Prosecutors say they have long scrutinised Manafort’s ties to Russian interests

Paul ManafortChip Somodevilla/Getty ImagesPaul Manafort

Friday was not the first time Mueller’s team argued that the charges against Manafort are related to the special counsel’s primary mandate of investigating whether the campaign colluded with Moscow.

In court documents filed last month, prosecutors told a federal judge in Washington, DC overseeing a separate criminal case against Manafort that they suspected Manafort of serving as a “back channel” between the campaign and Russia during the election.

When Manafort’s lawyers argued at the time that Mueller’s mandate does not cover Manafort’s consulting work in Ukraine, Dreeben pushed back and said they were justified in probing Manafort because of his elevated role on the campaign and his “long-standing ties to Russia-backed politicians” in Ukraine.

“Did they provide back channels to Russia?” Dreeben said. “Investigators will naturally look at those things.”

Mueller’s office said in another April 2 court filing that any investigation into ties between the Trump campaign and Russia “would naturally cover ties that a former Trump campaign manager had to Russian-associated political operatives, Russian-backed politicians, and Russian oligarchs.”

“It would also naturally look into any interactions they may have had before and during the campaign to plumb motives and opportunities to coordinate and to expose possible channels for surreptitious communications,” it added. “And prosecutors would naturally follow the money trail from Manafort’s Ukrainian consulting activities. Because investigation of those matters was authorised, so was prosecution.”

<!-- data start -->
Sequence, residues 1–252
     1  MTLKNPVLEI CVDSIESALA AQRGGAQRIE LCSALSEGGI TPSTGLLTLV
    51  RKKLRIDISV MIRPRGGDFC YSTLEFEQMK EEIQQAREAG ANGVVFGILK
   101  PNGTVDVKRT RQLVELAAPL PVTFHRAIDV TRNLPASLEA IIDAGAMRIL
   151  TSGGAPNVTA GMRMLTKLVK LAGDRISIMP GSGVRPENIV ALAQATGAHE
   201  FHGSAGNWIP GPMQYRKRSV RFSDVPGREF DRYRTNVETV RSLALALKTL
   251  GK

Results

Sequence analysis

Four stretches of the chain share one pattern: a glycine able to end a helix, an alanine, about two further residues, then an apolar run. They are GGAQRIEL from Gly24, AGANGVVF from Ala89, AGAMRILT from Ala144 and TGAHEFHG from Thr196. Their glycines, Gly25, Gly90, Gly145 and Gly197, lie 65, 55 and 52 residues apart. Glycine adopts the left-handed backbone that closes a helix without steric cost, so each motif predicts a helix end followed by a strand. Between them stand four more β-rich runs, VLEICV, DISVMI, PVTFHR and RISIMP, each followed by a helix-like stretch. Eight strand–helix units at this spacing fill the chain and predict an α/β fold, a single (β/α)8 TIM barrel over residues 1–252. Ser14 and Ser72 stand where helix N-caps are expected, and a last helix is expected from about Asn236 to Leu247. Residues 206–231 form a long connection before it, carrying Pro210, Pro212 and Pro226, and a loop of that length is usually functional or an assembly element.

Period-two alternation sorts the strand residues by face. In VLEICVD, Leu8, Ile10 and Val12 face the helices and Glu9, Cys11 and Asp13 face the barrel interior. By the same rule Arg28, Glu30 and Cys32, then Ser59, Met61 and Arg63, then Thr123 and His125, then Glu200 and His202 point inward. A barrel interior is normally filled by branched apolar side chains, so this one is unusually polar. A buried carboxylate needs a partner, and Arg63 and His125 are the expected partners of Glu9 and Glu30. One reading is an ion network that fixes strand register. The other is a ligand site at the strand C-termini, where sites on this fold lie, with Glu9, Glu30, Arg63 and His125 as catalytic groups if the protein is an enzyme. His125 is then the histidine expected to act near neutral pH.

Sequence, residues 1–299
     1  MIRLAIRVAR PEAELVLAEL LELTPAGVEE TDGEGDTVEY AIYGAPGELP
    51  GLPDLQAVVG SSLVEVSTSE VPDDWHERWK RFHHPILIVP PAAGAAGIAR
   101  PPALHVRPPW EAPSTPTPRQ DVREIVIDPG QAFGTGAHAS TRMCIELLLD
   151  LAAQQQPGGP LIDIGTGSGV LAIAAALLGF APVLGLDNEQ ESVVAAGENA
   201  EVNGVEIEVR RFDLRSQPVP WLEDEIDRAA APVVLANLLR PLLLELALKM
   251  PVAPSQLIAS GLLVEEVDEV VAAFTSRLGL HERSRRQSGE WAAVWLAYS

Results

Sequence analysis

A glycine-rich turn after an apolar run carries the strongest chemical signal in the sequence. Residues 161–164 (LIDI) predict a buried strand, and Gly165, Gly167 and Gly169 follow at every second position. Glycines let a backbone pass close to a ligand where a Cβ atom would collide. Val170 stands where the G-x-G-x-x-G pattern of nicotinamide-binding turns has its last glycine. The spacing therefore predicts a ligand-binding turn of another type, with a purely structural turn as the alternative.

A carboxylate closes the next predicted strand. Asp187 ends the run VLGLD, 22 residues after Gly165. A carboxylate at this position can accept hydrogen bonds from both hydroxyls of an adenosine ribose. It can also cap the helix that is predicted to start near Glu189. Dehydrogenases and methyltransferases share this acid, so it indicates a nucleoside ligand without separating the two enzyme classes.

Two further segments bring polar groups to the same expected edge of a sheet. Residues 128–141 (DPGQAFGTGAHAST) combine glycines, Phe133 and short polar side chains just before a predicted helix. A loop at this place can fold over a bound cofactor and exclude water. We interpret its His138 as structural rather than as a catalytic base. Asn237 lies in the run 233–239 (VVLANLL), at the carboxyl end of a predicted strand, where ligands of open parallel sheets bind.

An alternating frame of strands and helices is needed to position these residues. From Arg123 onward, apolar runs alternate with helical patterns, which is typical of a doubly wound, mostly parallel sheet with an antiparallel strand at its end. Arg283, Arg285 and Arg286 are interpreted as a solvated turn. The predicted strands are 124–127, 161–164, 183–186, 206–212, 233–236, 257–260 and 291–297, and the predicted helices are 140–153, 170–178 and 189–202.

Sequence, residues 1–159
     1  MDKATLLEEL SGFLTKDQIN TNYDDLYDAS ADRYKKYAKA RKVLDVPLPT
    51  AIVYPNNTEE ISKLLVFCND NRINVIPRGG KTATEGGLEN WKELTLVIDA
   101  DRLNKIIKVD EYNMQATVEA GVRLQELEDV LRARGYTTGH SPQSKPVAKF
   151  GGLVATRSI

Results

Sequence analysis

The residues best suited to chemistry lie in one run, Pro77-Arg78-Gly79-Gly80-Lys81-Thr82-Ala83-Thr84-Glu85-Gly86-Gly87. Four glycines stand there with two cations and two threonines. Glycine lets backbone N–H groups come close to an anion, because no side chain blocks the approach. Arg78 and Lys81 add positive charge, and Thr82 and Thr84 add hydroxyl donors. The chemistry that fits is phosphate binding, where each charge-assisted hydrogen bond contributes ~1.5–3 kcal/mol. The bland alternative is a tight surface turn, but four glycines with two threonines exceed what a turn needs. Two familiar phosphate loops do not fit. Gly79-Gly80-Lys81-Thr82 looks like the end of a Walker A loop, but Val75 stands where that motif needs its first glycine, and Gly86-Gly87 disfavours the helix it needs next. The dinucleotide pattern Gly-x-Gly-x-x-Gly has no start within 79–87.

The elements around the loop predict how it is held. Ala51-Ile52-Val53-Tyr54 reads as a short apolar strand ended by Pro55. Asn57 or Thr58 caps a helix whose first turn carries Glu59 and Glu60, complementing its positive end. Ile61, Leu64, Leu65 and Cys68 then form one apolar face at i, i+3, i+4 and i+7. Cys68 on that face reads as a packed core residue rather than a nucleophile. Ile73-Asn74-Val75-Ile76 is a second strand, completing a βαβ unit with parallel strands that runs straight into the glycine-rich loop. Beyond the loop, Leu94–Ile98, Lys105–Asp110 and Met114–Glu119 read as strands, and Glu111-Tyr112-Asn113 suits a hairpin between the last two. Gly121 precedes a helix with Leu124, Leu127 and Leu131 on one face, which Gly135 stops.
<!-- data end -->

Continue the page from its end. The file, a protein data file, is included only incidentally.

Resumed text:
Prosecutors point to a memo deputy attorney general Rod Rosenstein sent to Mueller in August 2017, three months after appointing him special counsel, as evidence that they were authorised to probe Manafort’s work in Ukraine.

The memo outlines the full scope of Mueller’s mandate, and though much of the document was redacted before being publicly released, it says Mueller is permitted to investigate at least two threads of criminal allegations related to Manafort:

  • Whether Manafort colluded with Russian government officials as Russia was trying to meddle in the 2016 US election.
  • Whether he committed any crimes “arising out of payments he received from the Ukrainian government before and during the tenure of President Viktor Yanukovych.”

Cramer, the former federal prosecutor, said Saturday that as long as Mueller’s team had a “reasonable purpose” for looking at Manafort’s connections to Russians and Russia-backed individuals, it would be “perfectly legitimate” for them to follow any leads they came across as a result.

“If their initial look at Manafort and his Russia ties was within Mueller’s scope – and it seems like that would be the case if the Russians were at all relevant – and they come across Manafort’s allegedly illicit activities related to lobbying, not filing taxes, money laundering, and all that, any prosecutor would investigate that,” Cramer said. “No question.”

Ellis ordered Mueller’s team on Friday to turn over an unredacted copy of Rosenstein’s memo to the court under seal within two weeks.

Experts say it’s unlikely Ellis will ultimately dismiss the charges against Manafort. But in the event that he does, the US attorney’s office for the Eastern District of Virginia will likely pick up the thread.

“This is a scathing, detailed indictment against Manafort,” Cramer said. “They have got him cold. The only question now is whether Mueller or the US attorney’s office will charge him.”